(Times of Israel) – One of the witnesses before Congress was an ex-CIA analyst and operations officer Michael Scheuer. In his appearance – which is on YouTube here – he argues that al-Qaeda’s hatred towards the West is driven by western policy and actions in the Middle east, as opposed to a more generalized cultural or religious animosity. If you listen to Scheuer’s testimony, you can see he is not spouting anti-Semitic, anti-Zionist or pro-Palestinian rhetoric. While he is rather eccentric, Scheuer bases his opposition to the American alliance with Israel on the purely Realpolitik argument of the US needing to disentangle itself from ties to both Israel and the Middle East more broadly. In fact, it is worth noting that Scheuer considers the US alliance with the Saudis to be far worse to the US from a policy perspective.
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(WaPo) – The map, from Columbia University’s really exceptional Gulf/2000 Project, shows the different ethnic and linguistic groups of the Levant, the part of the Middle East that’s dominated by Syria, Lebanon and Israel. Each color represents a different group. As you can see, there are a lot of groups swirled together. There are enclaves, and there is overlap.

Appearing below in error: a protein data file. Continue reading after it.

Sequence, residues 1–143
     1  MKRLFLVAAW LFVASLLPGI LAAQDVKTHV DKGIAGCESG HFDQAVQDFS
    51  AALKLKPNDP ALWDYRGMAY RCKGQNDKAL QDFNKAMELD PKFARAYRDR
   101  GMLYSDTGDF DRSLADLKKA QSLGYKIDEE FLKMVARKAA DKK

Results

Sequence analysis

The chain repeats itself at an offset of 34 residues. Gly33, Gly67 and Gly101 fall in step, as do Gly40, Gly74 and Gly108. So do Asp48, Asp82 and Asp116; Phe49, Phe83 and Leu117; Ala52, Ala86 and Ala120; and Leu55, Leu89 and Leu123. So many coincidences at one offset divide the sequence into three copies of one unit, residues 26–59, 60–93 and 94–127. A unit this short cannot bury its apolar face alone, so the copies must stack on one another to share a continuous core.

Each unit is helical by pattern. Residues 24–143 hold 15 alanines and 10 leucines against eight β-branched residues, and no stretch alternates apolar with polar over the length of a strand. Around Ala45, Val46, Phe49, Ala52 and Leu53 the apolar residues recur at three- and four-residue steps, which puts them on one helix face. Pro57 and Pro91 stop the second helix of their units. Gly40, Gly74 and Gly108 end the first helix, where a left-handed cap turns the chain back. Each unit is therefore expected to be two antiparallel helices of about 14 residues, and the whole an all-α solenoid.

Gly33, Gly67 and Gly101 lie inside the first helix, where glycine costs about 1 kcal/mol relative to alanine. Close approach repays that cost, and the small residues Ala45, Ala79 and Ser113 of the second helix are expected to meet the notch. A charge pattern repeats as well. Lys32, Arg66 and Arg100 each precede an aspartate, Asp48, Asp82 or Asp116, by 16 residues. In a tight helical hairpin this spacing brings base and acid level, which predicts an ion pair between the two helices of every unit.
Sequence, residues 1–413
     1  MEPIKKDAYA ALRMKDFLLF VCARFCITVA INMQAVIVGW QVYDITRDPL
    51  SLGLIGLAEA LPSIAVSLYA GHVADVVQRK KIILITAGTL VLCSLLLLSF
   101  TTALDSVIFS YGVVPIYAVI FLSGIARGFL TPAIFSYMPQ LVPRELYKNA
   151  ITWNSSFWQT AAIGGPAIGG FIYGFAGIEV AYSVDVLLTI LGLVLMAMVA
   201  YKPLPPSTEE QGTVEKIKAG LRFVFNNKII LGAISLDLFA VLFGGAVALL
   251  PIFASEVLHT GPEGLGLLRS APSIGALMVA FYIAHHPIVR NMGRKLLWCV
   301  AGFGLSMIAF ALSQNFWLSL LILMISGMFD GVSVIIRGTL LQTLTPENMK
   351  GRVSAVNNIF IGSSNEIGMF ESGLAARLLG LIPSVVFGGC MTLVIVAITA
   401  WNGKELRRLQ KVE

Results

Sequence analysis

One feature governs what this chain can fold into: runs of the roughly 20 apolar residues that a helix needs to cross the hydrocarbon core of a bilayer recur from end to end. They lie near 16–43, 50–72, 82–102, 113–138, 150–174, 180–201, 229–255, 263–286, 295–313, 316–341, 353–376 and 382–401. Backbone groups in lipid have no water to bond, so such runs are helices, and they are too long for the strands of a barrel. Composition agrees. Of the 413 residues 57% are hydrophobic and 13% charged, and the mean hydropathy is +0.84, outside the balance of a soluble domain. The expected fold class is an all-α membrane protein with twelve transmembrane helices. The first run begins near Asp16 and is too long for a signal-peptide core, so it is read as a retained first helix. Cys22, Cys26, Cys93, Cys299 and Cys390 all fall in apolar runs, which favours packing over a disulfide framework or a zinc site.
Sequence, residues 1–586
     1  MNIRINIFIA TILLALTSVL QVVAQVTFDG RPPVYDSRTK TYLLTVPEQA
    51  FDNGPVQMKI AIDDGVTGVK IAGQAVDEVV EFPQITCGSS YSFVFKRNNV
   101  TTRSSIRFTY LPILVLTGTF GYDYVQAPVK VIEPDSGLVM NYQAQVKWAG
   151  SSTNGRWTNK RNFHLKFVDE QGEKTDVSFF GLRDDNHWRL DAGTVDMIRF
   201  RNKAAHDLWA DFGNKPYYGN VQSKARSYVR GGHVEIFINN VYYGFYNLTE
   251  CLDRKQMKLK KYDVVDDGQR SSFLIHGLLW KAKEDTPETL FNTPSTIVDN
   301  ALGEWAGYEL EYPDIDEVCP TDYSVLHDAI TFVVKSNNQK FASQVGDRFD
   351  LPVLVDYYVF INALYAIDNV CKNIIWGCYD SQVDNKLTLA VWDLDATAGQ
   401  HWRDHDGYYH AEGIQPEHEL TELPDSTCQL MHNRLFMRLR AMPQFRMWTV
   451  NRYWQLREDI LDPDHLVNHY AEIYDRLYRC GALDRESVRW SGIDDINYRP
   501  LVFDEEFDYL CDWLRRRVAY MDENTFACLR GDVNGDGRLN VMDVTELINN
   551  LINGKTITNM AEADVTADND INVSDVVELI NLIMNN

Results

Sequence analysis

Ethnic and linguistic breakdowns are just one part of Syria’s complexity, of course. But they are a really important part. The country’s largest group is shown in yellow, signifying ethnic Arabs who follow Sunni Islam, the largest sect of Islam. Shades of brown indicate ethnic Kurds, long oppressed in Syria, who have taken up arms against the regime. There are also Druze, a religious sect, Arab Christians, ethnic Armenians and others.
Syria is run by Alawites, a minority sect of Islam whose members include President Bashar al-Assad and many in his inner circle. They’re indicated in a greyish green, clustered near the Mediterranean coast. Although Alawites make up only 12 percent of the Syrian population, they are playing a crucial role in the war, fighting to prop up Assad’s regime.